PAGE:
Source: Waging Nonviolence
Over the last month and a half, a strike by faculty and student-led sit-ins and demonstrations against austerity measures effectively shut down Lebanese University, Lebanon’s only public university.
Regular protests — drawing hundreds of students, faculty members and organizations from different schools, cities and political affiliations — took place in downtown Beirut.
On June 18, students, joined by supporters from independent clubs, demonstrated in front of the Lebanese Ministry of Education and Higher Learning, marching from there to the headquarters of the League of Lebanese University Full Time Professors, a state-led organization in a neighborhood south of Beirut.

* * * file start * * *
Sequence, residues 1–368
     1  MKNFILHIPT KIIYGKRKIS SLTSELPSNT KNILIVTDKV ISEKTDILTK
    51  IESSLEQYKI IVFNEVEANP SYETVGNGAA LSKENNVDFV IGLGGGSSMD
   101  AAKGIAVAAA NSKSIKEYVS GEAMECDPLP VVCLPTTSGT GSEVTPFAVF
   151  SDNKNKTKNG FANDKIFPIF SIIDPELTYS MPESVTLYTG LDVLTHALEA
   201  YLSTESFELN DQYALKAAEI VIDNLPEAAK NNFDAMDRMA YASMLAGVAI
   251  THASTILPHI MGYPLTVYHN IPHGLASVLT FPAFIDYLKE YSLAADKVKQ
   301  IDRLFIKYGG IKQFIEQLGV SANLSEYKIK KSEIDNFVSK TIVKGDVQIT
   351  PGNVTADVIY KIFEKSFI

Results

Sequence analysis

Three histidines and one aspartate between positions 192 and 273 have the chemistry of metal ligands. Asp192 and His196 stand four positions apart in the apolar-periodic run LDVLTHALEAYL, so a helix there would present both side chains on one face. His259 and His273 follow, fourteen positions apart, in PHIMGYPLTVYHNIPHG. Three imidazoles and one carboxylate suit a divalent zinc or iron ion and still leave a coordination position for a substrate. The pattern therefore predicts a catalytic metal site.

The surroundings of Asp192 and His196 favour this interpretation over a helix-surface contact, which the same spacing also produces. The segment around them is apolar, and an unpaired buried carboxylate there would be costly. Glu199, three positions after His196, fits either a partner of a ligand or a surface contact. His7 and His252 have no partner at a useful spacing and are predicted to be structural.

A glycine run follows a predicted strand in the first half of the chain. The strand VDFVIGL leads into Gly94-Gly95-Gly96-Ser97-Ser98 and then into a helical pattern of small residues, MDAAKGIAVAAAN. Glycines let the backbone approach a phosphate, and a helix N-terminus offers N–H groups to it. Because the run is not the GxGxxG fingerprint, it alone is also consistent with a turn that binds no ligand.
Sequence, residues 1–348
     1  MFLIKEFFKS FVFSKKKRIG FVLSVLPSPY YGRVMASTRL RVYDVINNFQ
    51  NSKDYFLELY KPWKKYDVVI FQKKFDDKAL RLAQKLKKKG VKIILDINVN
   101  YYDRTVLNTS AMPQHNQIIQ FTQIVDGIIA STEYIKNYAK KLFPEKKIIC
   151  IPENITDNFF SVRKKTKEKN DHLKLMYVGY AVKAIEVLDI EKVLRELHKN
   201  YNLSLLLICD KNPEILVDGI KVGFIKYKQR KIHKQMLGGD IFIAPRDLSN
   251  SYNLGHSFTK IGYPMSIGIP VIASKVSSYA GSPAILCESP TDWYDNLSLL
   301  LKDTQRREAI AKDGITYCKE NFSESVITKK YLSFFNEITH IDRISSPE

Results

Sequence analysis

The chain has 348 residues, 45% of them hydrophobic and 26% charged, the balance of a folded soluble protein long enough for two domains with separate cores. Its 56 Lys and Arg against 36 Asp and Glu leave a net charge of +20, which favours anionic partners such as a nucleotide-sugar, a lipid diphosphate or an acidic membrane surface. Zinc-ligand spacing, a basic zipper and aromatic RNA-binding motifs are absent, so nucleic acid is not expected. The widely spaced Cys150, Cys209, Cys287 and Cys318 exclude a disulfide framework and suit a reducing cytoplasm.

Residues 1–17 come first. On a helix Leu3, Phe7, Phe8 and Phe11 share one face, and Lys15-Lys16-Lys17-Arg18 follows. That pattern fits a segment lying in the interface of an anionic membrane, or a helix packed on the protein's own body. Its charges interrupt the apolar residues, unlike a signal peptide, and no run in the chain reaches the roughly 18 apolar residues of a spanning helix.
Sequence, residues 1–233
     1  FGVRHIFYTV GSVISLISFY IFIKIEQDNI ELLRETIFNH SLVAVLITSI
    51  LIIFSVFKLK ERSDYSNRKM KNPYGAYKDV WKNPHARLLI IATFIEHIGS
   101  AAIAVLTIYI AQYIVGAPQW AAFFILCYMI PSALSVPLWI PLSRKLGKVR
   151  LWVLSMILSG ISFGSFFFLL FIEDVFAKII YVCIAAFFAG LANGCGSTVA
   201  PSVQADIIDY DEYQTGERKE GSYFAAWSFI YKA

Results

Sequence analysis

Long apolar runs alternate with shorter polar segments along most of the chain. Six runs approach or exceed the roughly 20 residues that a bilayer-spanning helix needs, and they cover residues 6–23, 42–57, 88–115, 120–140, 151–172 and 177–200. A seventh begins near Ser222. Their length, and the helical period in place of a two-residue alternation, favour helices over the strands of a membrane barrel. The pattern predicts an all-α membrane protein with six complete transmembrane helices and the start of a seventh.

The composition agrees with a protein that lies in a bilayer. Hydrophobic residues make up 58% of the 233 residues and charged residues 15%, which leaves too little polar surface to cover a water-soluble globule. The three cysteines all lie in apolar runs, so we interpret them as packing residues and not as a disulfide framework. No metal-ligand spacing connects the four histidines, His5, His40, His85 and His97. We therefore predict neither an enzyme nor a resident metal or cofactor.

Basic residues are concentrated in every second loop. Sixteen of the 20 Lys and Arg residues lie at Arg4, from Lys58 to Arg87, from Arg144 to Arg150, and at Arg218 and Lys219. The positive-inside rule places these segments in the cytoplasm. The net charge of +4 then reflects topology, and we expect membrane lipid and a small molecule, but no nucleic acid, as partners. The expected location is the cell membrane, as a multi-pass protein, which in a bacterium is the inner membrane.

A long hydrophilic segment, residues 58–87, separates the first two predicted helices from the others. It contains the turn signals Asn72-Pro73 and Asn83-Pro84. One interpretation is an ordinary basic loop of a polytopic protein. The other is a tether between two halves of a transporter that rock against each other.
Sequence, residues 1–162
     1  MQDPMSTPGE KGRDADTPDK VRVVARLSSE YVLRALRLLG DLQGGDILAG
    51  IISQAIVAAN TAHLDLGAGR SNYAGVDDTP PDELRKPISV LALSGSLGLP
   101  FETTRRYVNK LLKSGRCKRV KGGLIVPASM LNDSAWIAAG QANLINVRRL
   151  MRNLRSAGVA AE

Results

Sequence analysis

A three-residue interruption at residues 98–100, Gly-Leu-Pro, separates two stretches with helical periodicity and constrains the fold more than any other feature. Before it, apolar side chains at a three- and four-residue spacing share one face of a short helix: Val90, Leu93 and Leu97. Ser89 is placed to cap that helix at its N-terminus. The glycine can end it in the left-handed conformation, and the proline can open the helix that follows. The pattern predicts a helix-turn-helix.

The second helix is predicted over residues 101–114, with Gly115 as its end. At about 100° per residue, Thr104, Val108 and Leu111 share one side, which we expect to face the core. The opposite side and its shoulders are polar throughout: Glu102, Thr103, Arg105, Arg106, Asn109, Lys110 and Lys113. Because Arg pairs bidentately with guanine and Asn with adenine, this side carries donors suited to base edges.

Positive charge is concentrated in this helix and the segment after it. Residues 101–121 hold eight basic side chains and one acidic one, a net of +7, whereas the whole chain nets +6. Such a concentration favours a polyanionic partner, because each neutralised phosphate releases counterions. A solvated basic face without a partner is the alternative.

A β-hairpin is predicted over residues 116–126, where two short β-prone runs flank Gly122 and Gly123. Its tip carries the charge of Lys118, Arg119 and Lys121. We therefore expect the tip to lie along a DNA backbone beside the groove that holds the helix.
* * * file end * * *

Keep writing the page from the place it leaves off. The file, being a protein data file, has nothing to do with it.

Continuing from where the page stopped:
The demonstrations stood in support for the professors’ right to strike. Teachers and supporting students held banners with slogans such as “We oppose paying the price of Lebanese University’s corruption.”
Not backing down
A statement issued by Lebanese University president Fouad Ayoub on June 19 warned professors against continuing their strike. In addition, the statement limited professors’ travel during the school year, telling them that they need “special permission” to travel and that it will be approved only in “special cases.”